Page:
The Fed is famous for raising rates prematurely, seeing ghosts of inflation. But there is no inflation on the horizon -- the bigger worry is deflation. In fact, the inflation rate is well below the Fed's own target of two percent. And the Fed is the only game in town. On balance, I think the opponents of a rate hike have the better argument. But consider for a moment that last assumption -- that the Fed is the only game in town. The larger issue, which is getting submerged in the great debate about raising rates, is that the Fed should not be the only game in town. With fiscal stimulus ruled out politically, pressure is on the Fed to be the sole engine of growth. Yet the central bank can only do so much.
Now is the time for Democrats to rally and speak in unison about the economic performance under this president, something Republicans orchestrate so well. While not stellar and considering we were on the brink of collapse, Obama's economic performance is praiseworthy.
"The state of North Carolina has come back even stronger," proclaimed Governor Pat McCrory during his State of the State address earlier this year. Millions of North Carolinians beg to differ.
Advocates for higher interest rates point to an improving job market as a sign that America has come back from the recession. But many activists, economists, and community groups know that raising interest rates now would stymie the many communities, particularly those of color, that continue to face persistent unemployment, underemployment, and stagnant wages.
Could marijuana legalization save the Puerto Rican economy? Right now, marijuana possession in Puerto Rico is a serious crime and first-time offenders are slapped with a felony, two to five years in prison and up to a $5,000 fine. But with legalized pot, Puerto Rico can use the tax revenues and fees it collects to help pay off the debt.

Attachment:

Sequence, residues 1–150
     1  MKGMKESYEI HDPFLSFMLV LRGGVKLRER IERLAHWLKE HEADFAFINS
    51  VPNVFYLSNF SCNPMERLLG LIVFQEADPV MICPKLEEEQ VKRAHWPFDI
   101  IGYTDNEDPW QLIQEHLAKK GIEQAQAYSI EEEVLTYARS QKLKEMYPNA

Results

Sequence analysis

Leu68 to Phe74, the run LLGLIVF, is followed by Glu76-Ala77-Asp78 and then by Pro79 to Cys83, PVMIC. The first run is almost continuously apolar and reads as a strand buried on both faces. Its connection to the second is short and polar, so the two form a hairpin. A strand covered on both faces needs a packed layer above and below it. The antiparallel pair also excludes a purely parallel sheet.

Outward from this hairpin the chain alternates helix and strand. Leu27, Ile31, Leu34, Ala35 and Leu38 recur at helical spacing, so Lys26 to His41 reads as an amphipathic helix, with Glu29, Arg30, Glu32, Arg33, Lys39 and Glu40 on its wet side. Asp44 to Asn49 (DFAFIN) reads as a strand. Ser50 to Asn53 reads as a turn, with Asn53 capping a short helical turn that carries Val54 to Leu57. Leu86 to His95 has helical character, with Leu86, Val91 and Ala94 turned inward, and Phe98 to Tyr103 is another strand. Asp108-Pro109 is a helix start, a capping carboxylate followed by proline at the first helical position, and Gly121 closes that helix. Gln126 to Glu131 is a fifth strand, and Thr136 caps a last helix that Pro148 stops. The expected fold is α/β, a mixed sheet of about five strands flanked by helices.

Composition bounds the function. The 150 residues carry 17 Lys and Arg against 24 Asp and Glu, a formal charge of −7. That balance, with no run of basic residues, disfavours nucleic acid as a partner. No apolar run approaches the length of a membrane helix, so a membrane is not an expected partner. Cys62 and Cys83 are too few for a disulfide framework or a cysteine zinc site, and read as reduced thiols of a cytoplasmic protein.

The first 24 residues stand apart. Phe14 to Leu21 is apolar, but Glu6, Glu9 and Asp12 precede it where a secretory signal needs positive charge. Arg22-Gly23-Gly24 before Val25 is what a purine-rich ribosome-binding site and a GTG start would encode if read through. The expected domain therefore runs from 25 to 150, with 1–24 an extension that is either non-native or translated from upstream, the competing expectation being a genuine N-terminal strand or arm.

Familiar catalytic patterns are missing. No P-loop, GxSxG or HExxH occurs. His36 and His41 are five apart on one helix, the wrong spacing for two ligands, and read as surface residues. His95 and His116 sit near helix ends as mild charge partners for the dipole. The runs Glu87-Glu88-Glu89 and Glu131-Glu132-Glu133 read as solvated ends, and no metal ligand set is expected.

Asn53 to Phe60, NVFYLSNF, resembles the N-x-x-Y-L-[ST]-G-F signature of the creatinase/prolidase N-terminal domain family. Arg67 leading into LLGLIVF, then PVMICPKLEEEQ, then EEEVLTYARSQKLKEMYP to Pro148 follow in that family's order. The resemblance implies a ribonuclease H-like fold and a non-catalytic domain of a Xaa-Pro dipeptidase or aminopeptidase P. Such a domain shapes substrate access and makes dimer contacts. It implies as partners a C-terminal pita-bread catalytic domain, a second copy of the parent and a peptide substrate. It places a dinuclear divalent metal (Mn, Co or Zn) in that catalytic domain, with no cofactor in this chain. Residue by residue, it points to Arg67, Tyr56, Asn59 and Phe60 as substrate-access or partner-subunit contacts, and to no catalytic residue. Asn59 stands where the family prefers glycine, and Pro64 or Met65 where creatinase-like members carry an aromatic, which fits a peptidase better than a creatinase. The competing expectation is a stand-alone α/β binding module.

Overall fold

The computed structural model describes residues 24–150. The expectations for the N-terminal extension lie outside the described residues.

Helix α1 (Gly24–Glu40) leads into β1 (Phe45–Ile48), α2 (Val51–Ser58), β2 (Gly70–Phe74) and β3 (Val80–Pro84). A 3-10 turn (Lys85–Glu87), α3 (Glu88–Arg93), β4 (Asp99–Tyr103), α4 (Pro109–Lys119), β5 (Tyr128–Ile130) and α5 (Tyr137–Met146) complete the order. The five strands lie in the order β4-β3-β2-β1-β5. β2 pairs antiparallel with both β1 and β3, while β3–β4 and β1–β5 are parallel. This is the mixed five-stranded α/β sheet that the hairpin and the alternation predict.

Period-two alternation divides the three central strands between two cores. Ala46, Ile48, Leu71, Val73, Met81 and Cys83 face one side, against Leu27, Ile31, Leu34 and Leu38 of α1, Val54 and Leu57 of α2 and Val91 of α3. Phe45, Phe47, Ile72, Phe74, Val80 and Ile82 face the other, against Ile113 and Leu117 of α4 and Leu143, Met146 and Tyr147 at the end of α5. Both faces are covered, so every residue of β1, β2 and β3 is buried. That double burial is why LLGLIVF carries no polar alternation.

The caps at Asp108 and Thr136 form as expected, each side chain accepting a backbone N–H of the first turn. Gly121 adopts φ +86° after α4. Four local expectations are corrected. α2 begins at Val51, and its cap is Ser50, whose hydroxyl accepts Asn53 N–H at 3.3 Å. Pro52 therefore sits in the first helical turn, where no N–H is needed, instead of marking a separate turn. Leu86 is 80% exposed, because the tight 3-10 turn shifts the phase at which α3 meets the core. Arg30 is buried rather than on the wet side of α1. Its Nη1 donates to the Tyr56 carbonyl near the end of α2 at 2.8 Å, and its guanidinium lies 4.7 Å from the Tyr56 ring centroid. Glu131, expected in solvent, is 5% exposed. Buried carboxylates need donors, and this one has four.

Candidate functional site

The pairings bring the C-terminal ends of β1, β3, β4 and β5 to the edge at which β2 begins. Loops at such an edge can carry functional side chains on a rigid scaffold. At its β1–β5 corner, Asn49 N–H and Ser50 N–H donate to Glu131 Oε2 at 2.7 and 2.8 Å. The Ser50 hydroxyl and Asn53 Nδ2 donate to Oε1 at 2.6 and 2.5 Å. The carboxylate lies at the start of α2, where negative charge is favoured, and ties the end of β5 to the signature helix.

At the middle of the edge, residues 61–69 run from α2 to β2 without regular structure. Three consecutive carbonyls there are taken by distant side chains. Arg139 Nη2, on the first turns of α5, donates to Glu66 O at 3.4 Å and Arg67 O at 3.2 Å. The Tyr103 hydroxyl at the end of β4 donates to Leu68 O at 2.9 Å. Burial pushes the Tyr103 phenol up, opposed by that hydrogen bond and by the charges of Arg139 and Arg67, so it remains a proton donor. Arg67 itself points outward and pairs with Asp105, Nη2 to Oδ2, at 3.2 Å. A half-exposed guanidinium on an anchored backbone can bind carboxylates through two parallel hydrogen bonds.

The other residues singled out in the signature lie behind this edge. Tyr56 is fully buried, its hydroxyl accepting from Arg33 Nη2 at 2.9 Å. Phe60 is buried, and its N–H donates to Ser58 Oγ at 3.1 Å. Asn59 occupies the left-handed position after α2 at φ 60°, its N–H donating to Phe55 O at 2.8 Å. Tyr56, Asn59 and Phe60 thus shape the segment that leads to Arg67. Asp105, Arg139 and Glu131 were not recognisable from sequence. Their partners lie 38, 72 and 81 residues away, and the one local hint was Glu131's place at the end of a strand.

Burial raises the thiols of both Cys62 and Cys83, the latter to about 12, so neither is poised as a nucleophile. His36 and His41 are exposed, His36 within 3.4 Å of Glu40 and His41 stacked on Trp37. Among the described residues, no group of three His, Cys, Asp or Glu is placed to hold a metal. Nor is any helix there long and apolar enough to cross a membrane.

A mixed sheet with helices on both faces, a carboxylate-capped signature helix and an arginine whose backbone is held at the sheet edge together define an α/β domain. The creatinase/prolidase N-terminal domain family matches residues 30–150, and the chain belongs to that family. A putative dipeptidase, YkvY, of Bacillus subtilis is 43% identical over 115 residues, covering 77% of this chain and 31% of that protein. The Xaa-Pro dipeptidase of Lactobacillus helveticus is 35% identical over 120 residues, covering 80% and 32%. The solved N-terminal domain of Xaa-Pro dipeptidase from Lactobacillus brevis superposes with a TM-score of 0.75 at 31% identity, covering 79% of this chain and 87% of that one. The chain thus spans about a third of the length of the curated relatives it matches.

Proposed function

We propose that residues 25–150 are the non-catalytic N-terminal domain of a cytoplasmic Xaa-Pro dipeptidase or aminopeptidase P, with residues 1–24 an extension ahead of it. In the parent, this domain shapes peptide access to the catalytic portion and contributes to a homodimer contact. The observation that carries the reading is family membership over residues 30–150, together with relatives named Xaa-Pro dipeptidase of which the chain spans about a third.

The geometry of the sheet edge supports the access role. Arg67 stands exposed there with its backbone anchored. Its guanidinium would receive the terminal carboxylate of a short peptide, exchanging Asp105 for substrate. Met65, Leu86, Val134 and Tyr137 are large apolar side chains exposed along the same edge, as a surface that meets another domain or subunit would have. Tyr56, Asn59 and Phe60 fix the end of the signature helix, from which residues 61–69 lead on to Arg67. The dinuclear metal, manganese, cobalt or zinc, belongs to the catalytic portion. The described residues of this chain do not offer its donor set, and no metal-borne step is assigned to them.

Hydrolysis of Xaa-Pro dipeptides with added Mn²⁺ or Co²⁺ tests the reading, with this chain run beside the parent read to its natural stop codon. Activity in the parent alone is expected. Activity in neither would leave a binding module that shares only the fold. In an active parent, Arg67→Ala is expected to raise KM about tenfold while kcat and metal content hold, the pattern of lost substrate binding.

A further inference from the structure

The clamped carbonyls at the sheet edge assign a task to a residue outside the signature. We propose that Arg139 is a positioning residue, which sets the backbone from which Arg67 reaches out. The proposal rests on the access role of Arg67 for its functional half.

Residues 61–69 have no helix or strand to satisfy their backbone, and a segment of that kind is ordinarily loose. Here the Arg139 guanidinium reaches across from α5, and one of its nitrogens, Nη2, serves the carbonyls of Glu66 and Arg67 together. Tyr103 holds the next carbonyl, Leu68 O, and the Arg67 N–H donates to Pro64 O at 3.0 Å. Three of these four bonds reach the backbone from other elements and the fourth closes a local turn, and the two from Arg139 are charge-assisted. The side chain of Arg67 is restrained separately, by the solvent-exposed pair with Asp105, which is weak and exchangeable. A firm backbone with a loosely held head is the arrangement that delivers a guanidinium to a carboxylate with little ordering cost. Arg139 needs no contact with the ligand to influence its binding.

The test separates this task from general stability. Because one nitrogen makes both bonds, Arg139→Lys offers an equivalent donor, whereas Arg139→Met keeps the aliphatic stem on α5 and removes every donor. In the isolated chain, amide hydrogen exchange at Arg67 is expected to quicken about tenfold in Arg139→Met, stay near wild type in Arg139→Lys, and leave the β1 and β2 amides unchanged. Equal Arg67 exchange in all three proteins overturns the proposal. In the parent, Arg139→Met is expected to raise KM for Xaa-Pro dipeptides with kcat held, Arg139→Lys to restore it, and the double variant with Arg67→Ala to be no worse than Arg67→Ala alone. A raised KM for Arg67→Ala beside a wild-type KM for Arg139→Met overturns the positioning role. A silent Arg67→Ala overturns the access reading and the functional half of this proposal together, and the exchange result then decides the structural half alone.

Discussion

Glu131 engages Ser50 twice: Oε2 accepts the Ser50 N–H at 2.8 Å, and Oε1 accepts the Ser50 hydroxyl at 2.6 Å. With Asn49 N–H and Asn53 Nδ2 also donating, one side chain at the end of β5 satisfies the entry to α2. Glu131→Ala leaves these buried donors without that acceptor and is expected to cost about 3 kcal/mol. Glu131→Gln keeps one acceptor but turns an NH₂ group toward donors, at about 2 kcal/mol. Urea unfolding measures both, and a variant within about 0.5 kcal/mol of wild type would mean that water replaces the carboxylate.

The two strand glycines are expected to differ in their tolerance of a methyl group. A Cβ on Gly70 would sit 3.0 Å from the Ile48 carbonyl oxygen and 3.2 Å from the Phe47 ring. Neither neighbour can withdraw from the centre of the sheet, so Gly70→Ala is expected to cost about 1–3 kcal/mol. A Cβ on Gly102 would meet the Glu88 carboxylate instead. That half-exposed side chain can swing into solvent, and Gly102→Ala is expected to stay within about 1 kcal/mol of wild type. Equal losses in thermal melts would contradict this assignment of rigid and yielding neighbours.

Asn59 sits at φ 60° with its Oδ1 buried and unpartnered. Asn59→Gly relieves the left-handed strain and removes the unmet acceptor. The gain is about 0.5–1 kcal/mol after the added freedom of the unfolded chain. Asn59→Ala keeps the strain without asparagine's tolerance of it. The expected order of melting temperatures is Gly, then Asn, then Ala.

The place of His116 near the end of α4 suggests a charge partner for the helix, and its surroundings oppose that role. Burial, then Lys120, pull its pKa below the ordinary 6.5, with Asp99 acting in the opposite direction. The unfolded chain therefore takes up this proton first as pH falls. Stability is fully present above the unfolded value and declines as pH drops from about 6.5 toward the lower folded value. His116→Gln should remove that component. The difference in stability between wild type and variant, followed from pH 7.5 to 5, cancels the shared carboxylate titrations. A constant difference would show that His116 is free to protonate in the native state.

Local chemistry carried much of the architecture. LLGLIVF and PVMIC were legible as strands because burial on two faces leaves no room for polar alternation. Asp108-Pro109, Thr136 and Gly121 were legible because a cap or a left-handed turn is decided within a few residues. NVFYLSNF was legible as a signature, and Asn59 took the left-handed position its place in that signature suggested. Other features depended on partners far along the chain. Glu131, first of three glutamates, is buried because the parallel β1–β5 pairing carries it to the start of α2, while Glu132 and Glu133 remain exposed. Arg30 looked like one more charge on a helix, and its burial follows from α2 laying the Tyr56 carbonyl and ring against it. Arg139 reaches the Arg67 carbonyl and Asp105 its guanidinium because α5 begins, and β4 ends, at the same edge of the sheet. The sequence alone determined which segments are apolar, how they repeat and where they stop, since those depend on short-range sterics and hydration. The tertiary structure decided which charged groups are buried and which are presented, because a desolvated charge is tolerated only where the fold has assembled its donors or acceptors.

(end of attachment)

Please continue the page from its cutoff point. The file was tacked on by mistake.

Nearly all of the Republican presidential candidates have been vociferous in their hatred of the Iran deal, and if a majority Republican Congress is elected in 2016, the Iran deal will probably have a short life -- if it has one at all.
Yesterday was a good day in the middle of a good month in what's turning into a pretty good summer. You know how it is -- moments melt into hours, in...
Lawmakers have failed to keep the wage apace with inflation so that its value is now less than it was five decades ago.
Digital technology has changed our world for the better, but the innovation that helps some rise also threatens to leave millions behind. As technology transforms our economy at a blinding pace, more and more people are being locked out of a job market increasingly dominated by the demand for computer skills.
The Greek referendum is actually a vote against monopoly capitalism that now pervades the globe and has impoverished the poor and the middle class for decades, while enriching the rich beyond imagination.
Part of investing in a new world is discovering exactly what those individuals love. Those countries and industries that are part of the migration of money from West to East will be blessed under the new dominion of China as the world's economic leader.
We could blame Ike for starting the Korean War, knock George W. Bush for not stopping the USS Cole bombing, accuse Bill Clinton of not stopping the L.A. Riots of 1992 or even blame Reagan for the 1980 recession. Or presidential candidates could learn to see when the job that they aspire to actually begins.
Economic growth dynamics vary across the region, broadly along North-South lines. While spring may be in the air for Mexico, Central America, and parts of the Caribbean, the economic climate remains decidedly chilly in much of South America. What is behind these divergent prospects, and how can a sunnier outlook be restored to the entire region?
Using data on economic recessions, I take a look at how long growth periods have been after recessions, and to see when the latest economic boom will likely come to an end. You're probably thinking "Economic boom? When did that take place?"
Both Piketty and Clark say that politics, not economics, will determine the future. However, the economy will certainly be a major focus of upcoming election debates in both countries. The real question is, will the electorates in the U.S. and the UK stage a revolt?
If the past teaches us anything, it is that each plan also carries with it is a legacy of being a hot topic during interesting times that eventually people forgot about or became too afraid to mention when the economy got moving again.